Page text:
Reisen in den Oster der Provinz Sabah vermeiden

Bei einem UEber­fall auf ein Tauch­res­ort auf der Ost-Sabah vor­ge­la­ger­ten Insel Pom Pom ist am 19. Novem­ber ein tai­wa­ne­si­scher Tou­rist getoe­tet und sei­ne Ehe­frau ver­schleppt wor­den. Die Frau befin­det sich wei­ter­hin in der Hand der Ent­fueh­rer.

Vor die­sem Hin­ter­grund hat das Aus­wa­er­ti­ge Amt am 26. Novem­ber sei­nen Sicher­heits­hin­weis zu Malay­sia erneut aktua­li­siert. Es raet nun von nicht unbe­dingt erfor­der­li­chen Rei­sen in den Osten der Pro­vinz Sabah ab und schreibt woert­lich:

Im Novem­ber 2013 wur­de ein aus­la­en­di­scher Tou­rist auf der Insel Pom-Pom/Sa­bah erschos­sen und sei­ne Frau ent­fuehrt. Dies war die ers­te Ent­fueh­rung in der Regi­on seit dem Jahr 2000. Es gibt immer wie­der Hin­wei­se, dass eine Gefa­ehr­dung der tou­ris­ti­schen Zie­le auch im Umfeld der ESSZONE wei­ter besteht. Alle von den malay­si­schen Sicher­heits­beho­er­den ergrif­fe­nen ver­staerk­ten Sicher­heits­vor­keh­run­gen koen­nen das Risi­ko von UEber­fa­el­len wegen der Groeße des betrof­fe­nen See­ge­biets in enger Nach­bar­schaft zu den Sued-Phil­ip­pin­nen nicht voel­lig ein­daem­men. Das Aus­wa­er­ti­ge Amt raet daher von nicht not­wen­di­gen Rei­sen in den Osten der Pro­vinz Sabah und die Inseln im angren­zen­den See­ge­biet ab.“

Faehrunglueck vor Pattaya

Bei einem Faehr­ung­lueck vor der Kues­te von Pat­ta­ya sind am 3. Novem­ber meh­re­re Men­schen ums Leben gekom­men. Unter den Toten befan­den sich auch Tou­ris­ten aus Russ­land und Chi­na.

Die dop­pel­sto­ecki­ge Faeh­re ken­ter­te auf der kur­zen Stre­cke zwi­schen der bei Tages­aus­flueg­lern belieb­ten Insel Lan und dem Fest­land. Ueber­ein­stim­men­den Berich­ten aus Thai­land zufol­ge war die Faeh­re mit ueber 200 Pas­sa­gie­ren an Bord deut­lich ueber­la­den.

Neuer Touristen-Zug in Südkorea

Süd­ko­rea bie­tet sei­nen Besu­chern seit Kur­zem eine neue Mög­lich­keit, die fas­zi­nie­ren­den Gebirgs­re­gio­nen ken­nen zu ler­nen, die im Lan­des­in­ne­ren lie­gen: der  Tou­ris­ten­zug ‘Cen­tral Inland Regi­on Tour Train’ bedient zwei ver­schie­de­ne Rou­ten durch die Gebirgs­re­gio­nen der Pro­vin­zen Chungche­ong­buk-do, Gang­won-do und Gye­ong­sang­buk-do. Der soge­nann­te O-Train fährt vier­mal pro Tag in der Haupt­stadt Seo­ul ab und ist dann ca. fünf Stun­den unter­wegs. Auf der 257 Kilo­me­ter lan­gen Stre­cke geht es nach Jeche­on, Yeong­ju und Taebaek und wie­der zurück. Der V-Train bie­tet eine kür­ze­re Rou­te für Eili­ge und fährt nur eine gute Stun­de vom west­lich an Seo­ul angren­zen­den Bun­che­on nach Cheo­lam. Der O-Train bie­tet in vier Wagen Platz für rund 200 Pas­sa­gie­re, die es sich sogar in einem Bord­ca­fé mit Pan­ora­ma­fens­tern gemüt­lich machen kön­nen. Der V-Train ver­fügt über drei Wagen; in einem davon sind die Sit­ze so ange­ord­net, dass die Urlau­ber direkt den Pan­ora­ma­fens­tern zuge­wandt sind.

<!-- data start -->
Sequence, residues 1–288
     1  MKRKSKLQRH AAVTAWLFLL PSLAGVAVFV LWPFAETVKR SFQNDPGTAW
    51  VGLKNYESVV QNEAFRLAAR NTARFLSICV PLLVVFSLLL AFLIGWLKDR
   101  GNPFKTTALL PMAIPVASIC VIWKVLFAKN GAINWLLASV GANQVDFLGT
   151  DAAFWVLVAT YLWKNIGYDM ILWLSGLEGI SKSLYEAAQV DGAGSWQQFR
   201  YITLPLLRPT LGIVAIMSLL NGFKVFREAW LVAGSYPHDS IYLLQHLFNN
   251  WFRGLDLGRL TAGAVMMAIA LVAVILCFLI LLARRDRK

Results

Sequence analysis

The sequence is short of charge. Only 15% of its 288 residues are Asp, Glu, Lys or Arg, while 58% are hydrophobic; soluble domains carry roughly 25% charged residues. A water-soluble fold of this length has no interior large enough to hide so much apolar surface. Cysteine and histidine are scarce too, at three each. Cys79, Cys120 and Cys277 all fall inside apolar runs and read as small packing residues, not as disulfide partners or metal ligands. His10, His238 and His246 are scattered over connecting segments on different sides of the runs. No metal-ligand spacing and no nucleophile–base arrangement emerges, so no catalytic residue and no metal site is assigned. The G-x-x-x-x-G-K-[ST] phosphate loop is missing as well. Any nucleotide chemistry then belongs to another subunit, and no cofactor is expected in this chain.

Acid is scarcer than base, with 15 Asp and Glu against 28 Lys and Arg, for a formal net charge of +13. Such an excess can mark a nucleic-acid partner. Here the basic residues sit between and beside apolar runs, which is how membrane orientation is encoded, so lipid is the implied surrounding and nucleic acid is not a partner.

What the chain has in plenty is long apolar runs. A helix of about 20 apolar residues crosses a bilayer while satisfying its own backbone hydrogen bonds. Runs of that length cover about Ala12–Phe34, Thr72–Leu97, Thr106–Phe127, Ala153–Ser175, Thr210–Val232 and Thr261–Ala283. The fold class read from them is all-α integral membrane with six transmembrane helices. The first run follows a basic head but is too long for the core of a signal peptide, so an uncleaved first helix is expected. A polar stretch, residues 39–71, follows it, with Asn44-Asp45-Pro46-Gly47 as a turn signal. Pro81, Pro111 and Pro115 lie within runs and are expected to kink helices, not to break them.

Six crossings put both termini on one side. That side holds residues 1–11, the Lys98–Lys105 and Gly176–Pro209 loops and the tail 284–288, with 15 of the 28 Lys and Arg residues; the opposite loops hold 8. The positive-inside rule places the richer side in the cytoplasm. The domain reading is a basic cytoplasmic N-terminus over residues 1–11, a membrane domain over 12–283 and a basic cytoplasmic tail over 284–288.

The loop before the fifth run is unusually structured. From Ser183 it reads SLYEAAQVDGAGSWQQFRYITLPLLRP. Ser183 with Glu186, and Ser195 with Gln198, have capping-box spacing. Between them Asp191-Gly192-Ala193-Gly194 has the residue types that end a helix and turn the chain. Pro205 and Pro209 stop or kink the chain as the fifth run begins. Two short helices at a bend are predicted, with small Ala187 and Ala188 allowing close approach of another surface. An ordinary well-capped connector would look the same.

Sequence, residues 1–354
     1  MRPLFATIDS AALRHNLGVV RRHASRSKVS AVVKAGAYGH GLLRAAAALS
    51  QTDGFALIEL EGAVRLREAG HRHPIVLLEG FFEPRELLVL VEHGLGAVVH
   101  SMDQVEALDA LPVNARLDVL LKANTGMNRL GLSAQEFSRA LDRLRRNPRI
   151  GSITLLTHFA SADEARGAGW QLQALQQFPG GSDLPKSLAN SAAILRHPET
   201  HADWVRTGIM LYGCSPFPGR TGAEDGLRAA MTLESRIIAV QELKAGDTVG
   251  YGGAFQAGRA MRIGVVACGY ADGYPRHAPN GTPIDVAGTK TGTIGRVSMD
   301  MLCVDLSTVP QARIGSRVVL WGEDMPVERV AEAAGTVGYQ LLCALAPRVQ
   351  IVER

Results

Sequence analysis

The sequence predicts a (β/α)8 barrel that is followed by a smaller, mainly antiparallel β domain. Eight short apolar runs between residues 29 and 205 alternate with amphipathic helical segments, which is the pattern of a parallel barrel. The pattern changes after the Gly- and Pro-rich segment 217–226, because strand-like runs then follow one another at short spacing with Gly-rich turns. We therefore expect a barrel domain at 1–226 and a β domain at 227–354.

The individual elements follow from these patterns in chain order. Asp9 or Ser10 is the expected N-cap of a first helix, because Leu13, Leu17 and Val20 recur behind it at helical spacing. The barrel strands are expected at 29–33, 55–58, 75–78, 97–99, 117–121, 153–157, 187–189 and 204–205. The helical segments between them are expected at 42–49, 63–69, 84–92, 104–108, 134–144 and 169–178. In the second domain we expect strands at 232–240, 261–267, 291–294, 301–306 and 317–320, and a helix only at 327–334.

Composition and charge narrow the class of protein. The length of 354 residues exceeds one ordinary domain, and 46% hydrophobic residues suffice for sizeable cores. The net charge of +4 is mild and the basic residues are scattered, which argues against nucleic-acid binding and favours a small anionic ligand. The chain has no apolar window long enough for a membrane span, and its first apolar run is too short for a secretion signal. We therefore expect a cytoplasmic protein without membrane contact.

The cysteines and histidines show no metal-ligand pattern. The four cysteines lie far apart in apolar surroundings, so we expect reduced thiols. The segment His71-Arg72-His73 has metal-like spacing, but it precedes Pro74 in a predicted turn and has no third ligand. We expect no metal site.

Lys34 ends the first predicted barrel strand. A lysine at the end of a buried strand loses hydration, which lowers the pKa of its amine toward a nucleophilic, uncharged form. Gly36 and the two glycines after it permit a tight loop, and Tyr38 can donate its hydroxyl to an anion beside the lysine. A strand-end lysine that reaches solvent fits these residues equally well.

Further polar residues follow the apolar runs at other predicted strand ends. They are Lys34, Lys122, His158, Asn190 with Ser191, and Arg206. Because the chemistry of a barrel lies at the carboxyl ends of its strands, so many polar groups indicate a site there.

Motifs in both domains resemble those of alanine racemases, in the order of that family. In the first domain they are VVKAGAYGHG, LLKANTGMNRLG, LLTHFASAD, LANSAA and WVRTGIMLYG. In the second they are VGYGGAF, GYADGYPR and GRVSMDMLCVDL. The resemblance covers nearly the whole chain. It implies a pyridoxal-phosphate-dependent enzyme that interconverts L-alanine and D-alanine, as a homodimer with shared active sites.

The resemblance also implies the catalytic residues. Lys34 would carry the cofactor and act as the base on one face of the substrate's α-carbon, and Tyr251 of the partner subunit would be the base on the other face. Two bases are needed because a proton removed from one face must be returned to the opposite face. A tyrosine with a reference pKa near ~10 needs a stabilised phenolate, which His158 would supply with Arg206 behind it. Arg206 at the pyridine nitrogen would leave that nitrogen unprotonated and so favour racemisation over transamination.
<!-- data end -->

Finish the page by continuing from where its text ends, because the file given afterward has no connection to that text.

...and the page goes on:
Thailand Update – Sunday 30th October

Thai­land Update – Sunday 30th Octo­ber


 The situa­ti­on in Bang­kok remains very much the same as we repor­ted yes­ter­day, Satur­day 29th Octo­ber.

Suvarn­ab­hu­mi air­port remains open as nor­mal.  We recom­mend to allow addi­tio­nal time at the air­port for check in.

The cent­re of Bang­kok, whe­re the hotels, main tou­rist sites, shop­ping cen­tres and night­li­fe are­as are loca­ted, has not had any floo­ding. All ser­vices (such as power and water) con­ti­nue to ope­ra­te as nor­mal in the­se are­as and both the sky­train and the sub­way are ope­ra­ting as nor­mal.

While the­re has been some floo­ding near the river at high tides, the main hotels loca­ted along the Chao Pra­ya River con­ti­nue to ope­ra­te as nor­mal; howe­ver, no hotel shut­tle boats are allo­wed to ope­ra­te on the river.

We are not ope­ra­ting the Klong Tour and no boat trips are cur­r­ent­ly per­mit­ted on the Chao Pra­ya River. The muse­ums and Viman­mek Man­si­on are cur­r­ent­ly clo­sed. We are moni­to­ring the other tou­rist sites and will amend iti­ne­ra­ries accord­in­gly.

Are­as in the nort­hern sub­urbs of Bang­kok remain floo­ded. Cha­tuchak mar­ket will not ope­ra­te this wee­kend. Don Muang air­port has clo­sed and the air­lines which nor­mal­ly ope­ra­te from this air­port, Ori­ent Thai Air­lines and Nok Air, have relo­ca­ted their ope­ra­ti­ons to Suvarn­ab­hu­mi air­port.

Tomor­row, Mon­day 31 Octo­ber, is a public holi­day for government workers in Bang­kok and neigh­bou­ring pro­vin­ces. All com­mer­ci­al banks and most pri­va­te com­pa­nies will remain open during this time. Embas­sies such as the Ger­man, Bri­tish and Aus­tra­li­an Embas­sies will remain open.